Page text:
What?

vbimport

#1

Seen on an A/V forum, this gave me a really good laugh. I’m sure the Guy didn’t realise what he said.

"The picture on the 4K TV is so good, it’s unreal" :confused:


#2

Not to be too daft, but am I missing something?


#3

[QUOTE=Albert;2761330]Not to be too daft, but am I missing something?[/QUOTE]
Not a realist?


#4

In my neck of the woods. Unreal is a slang term used as.
Something is so good, that it’s hard to believe its real, but it is real.


#5

[QUOTE=Dee;2761336]In my neck of the woods. Unreal is a slang term used as.
Something is so good, that it’s hard to believe its real, but it is real.[/QUOTE]

Ditto. It is indeed used to indicate shock that something really happened or really exists.

For me, it’s related (distantly) to calling something “surreal”.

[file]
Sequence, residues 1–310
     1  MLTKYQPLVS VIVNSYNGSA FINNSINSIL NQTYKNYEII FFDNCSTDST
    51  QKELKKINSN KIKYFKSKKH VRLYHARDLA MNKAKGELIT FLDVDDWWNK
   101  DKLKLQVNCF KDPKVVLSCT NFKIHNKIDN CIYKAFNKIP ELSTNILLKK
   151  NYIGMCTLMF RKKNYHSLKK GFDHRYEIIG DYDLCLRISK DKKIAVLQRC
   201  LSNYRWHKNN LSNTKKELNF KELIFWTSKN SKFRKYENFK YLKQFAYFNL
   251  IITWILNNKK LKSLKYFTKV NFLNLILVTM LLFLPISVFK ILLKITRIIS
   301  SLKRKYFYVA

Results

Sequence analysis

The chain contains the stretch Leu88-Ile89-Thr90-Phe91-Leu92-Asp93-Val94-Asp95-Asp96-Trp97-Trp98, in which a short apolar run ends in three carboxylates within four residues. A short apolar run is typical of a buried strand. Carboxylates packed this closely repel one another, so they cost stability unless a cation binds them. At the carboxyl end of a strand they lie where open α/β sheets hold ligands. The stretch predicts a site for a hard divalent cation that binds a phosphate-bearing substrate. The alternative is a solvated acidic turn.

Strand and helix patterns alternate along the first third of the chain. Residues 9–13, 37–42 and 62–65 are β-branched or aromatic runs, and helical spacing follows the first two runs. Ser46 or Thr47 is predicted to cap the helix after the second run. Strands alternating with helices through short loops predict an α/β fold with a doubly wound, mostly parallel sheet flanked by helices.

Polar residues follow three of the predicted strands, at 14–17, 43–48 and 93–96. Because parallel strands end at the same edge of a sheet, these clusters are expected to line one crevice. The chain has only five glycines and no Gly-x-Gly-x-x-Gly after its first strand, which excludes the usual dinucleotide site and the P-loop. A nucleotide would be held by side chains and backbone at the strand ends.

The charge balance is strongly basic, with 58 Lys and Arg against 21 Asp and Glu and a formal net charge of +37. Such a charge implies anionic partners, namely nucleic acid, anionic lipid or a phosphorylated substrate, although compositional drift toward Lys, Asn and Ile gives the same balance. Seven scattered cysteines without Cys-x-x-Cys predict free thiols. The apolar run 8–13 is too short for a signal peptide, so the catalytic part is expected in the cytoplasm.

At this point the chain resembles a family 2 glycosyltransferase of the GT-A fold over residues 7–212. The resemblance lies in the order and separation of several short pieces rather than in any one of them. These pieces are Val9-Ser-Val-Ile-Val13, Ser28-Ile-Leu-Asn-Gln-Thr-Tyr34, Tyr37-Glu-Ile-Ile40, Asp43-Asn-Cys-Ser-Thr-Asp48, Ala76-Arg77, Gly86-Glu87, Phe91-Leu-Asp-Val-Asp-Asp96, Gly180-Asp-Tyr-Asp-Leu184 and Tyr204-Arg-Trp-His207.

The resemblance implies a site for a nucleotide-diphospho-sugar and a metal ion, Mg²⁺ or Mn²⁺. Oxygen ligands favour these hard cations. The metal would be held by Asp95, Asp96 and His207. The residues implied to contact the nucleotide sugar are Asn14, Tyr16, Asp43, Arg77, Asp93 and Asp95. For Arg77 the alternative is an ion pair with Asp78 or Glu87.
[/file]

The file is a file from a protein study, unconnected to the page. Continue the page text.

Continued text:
[QUOTE=Stereodude;2761334]Not a realist?[/QUOTE]

Not in the strictest sense of the word. :wink:


#6

Of course I have heard the term “unreal” to describe a super car, building, or anything that needs a superlative, but, a 4K TV is doing it’s best to be as [B]real[/B] as technically possible at the moment. To use the superlative “unreal” just struck me as ironically funny!
Our senses of humour must differ quite a lot. :smiley:


#7

[QUOTE=voxsmart;2761376]Of course I have heard the term “unreal” to describe a super car, building, or anything that needs a superlative, but, a 4K TV is doing it’s best to be as [B]real[/B] as technically possible at the moment. To use the superlative “unreal” just struck me as ironically funny!
Our senses of humour must differ quite a lot. :D[/QUOTE]

Don’t worry, you’re not the only one that picked up on that. :slight_smile:

[B]Wombler[/B]


#8

We have that same silly speech terms here, sometime people say some is " [B]BAD[/B]" when its actually very [B]GOOD[/B]. As in That Ferrari is a BAD ass car, but the guy actually means its a great car , I am too old for such silliness.:rolleyes:


#9

A super custom chopper motorcycle costing over $20,000 was being described as “sick” ?